As we swing into Argento's take on "The Black Cat," we're immediately greeted with gore (body parts strewn about), full frontal nudity (a bisected nude female body), Poe references (the victim was killed with a razor-sharp pendulum), Argento's usual weird camera shots (from the POV of a swinging pendulum) and dreary narration talking about depravity and perversity. The near 180 degree change in approach from Romero's slow-moving, steady-handed, routinely filmed and comparatively classy segment to this is quite jarring! We open at a bloody crime scene where Detective Legrand (John Amos) and his men examine the carnage and photographer Rod Usher (Harvey Keitel) is busy snapping away at the grisly findings, completely unfazed by what surrounds him. Usher, who does not work for the police, actually makes his living publishing photographs of mangled and dismembered corpses taken at murder scenes. Is that even legal?
Usher's latest book, "Metropolitan Horrors," stirs up a lot of controversy, but his relationship with a pouty, much-younger violin teacher named Annabel (Madeleine Potter) is crumbling because of his alcoholism and cruel and controlling ways. When Annabel brings home a black cat that she refuses to divulge the name of, the animal is immediately and rightfully leery of Usher and hisses at his mere presence. Rod responds to that by murdering the cat and taking photos of him torturing and killing it, putting said photos into another of his morbid books.
This all makes for quite an interesting contrast to how the central evildoer was handled in Romero's segment. While Jessica has reservations and moral qualms to work through, and a backstory to work off of, we know absolutely nothing about Rod aside from the fact he's an unpleasant degenerate with sociopathic tendencies. That doesn't enable Keitel to modulate his performance nor provide much nuance and, despite him garnering rave reviews from some fans, he seems completely lost here to me. What he does get to do is suck down about a quart of tequila shot-by-shot over the course of the film, scream and curse a lot and provide the occasional stilted and / or unintentionally funny line read. It's a memorable performance in a strange way, just how he's overwrought one minute and flat the next, but I wouldn't necessarily call it a good one.
Annabel strongly suspects Rod has killed her beloved pet, but he denies it ("It's a fuckin' cat! Meow! Meow! A cat!") and slaps her for accusing him. He then has a weird dream where he's swept back to Medieval times and gets executed (dropped on a sharpened spear that goes through his crotch and out his mouth to be precise!) for killing the feline. He runs into a black cat with the same exact distinct markings while at a bar, which the extremely strange-acting barmaid, Eleonora (Sally Kirkland), lets him take home. He attempts to kill it again, but Annabel interrupts and the two gets into a fight, which ends with him chopping her up with a cleaver. Instead of trying to dispose of the body elsewhere, he puts it in an upstairs closet, builds a wall in front of it and puts a bookshelf in front of that.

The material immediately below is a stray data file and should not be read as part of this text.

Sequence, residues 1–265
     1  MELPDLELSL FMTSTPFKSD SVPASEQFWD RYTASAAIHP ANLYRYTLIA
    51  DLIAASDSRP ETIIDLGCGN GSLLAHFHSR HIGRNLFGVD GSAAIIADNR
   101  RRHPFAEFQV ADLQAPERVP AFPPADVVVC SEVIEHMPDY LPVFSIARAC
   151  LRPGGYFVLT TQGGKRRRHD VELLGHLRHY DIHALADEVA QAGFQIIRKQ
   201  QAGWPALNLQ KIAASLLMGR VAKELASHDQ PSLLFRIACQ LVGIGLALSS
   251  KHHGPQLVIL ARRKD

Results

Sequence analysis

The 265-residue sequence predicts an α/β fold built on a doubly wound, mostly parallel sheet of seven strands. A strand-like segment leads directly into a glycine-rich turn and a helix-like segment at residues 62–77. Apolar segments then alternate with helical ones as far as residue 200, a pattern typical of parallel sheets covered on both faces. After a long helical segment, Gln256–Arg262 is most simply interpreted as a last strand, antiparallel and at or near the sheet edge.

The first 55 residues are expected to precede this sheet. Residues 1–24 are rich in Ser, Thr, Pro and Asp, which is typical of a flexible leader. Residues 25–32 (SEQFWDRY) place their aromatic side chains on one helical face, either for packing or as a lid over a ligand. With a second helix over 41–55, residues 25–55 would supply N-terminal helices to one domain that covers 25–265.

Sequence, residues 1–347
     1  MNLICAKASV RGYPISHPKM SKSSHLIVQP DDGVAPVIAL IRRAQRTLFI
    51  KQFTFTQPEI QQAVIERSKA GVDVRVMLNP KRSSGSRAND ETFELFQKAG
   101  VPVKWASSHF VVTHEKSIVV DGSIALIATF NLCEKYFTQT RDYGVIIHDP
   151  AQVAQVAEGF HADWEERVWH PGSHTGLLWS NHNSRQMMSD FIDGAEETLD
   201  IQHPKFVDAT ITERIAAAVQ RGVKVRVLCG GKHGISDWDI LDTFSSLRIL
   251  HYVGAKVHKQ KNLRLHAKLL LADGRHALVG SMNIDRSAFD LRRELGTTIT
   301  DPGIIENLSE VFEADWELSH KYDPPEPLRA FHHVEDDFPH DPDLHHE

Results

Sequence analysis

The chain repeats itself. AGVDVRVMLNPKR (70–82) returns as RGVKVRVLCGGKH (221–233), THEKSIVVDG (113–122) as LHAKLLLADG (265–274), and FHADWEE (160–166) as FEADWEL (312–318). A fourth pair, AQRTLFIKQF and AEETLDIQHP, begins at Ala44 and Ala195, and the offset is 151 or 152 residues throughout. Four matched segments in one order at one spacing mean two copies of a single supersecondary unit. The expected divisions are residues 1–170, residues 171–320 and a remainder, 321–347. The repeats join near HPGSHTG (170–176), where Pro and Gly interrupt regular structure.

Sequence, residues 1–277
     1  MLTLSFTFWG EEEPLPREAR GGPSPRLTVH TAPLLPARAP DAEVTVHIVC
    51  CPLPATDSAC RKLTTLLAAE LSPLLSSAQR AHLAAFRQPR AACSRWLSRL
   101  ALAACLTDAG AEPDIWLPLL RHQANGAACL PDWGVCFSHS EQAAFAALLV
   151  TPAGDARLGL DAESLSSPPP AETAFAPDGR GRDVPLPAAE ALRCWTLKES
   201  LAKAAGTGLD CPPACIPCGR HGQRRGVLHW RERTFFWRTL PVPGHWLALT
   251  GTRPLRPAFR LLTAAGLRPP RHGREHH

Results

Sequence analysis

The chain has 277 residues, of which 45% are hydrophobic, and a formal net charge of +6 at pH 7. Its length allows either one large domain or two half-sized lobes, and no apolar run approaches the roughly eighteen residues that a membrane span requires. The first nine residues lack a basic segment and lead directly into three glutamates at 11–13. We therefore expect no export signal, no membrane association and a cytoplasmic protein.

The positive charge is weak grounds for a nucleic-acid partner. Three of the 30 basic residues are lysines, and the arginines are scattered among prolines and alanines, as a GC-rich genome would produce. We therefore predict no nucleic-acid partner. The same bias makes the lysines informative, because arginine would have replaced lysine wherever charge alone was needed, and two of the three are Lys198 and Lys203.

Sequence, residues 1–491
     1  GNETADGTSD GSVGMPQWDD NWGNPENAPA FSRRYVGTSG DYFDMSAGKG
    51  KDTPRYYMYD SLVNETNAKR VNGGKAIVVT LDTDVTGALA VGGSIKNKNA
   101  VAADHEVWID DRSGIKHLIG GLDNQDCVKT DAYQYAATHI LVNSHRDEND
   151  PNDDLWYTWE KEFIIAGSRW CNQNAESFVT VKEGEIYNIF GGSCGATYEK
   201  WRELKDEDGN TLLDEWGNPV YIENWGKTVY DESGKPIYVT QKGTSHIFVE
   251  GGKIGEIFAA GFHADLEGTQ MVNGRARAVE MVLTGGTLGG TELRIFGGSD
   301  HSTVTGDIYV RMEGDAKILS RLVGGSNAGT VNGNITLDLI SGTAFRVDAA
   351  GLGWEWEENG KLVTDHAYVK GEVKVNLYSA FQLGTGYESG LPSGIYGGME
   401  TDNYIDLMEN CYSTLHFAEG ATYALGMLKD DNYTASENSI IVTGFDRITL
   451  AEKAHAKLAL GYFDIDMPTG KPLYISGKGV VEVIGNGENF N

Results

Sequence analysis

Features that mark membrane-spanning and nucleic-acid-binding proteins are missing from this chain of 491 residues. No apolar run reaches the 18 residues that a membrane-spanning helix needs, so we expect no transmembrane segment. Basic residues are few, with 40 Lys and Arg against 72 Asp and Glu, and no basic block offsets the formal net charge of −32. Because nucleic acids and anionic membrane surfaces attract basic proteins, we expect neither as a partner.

Paranoia soon sets in as the phone keeps ringing and Annabel's favorite student Christian (Holter Ford Graham), his elderly neighbors (Martin Balsam and Kim Hunter) and others show up looking for her. Not everyone is willing to buy his excuse that she went on a long concert tour either. As for the black cat that's already been killed a time or two, it shows up yet again in the home, only this time clawing its way through the wall from inside the hidden room housing Annabel's corpse. Though it's chopped in half with a saw, the cat leaves a secret behind that leads to Rod's undoing.
While Romero's segment has a more linear and coherent script, better characterizations and better performances, Argento's certainly has more visual flair, fluid camerawork and panache. Instead of going for a gloomy Poe-esque mood, he's content generally following the primary events of the covered short story and then scattering references to numerous other Poe works throughout the rest. There are not only nods to Cat, Pit and Usher but also The Premature Burial, Berenice, Annabel Lee and more. The best moment here is a protracted suspense scene near the end when Amos' detective and his partner (James MacDonald) show up at Rod's home and, through a series of minor incidents that prolong their visit, are around long enough to hear strange noises coming from upstairs.
Usually listed as a U.S. / Italian co-production, this was filmed entirely in and around Pittsburgh by a mostly American crew and features mostly American actors, though the two production companies who bankrolled it and all of the credited producers (including Claudio Argento) are Italian. Tom Savini was in charge of the typically solid make-up fx and appears in a brief cameo in Argento's segment. Pino Donaggio provided the scores for both segments, which are so different you'd never even guess that the same guy did both!
I can't say for sure how well Eyes did during its theatrical run in Italy, but it was a box office flop here in America when it was dumped into 150 theaters in 1991 and didn't even gross half a million dollars. However, the film likely made up for that with a strong global push on the home video market. I've found releases from nearly every corner of the globe.
After numerous DVD releases from Anchor Bay and other companies, Blue Underground finally gave it the Blu-ray treatment in 2009. Their 2 disc set comes with the 30-minute documentary Two Masters' Eyes (2003) which features interviews with Romero, Savini and a troika of Argento's; Dario, Claudio and Asia (who dubbed some of the characters in the Italian-language version). There are additional featurettes with Savini, as well as a brief separate interview with Barbeau that was originally intended for Roy Frumkes' 1989 Romero documentary Document of the Dead, which also touches on this production.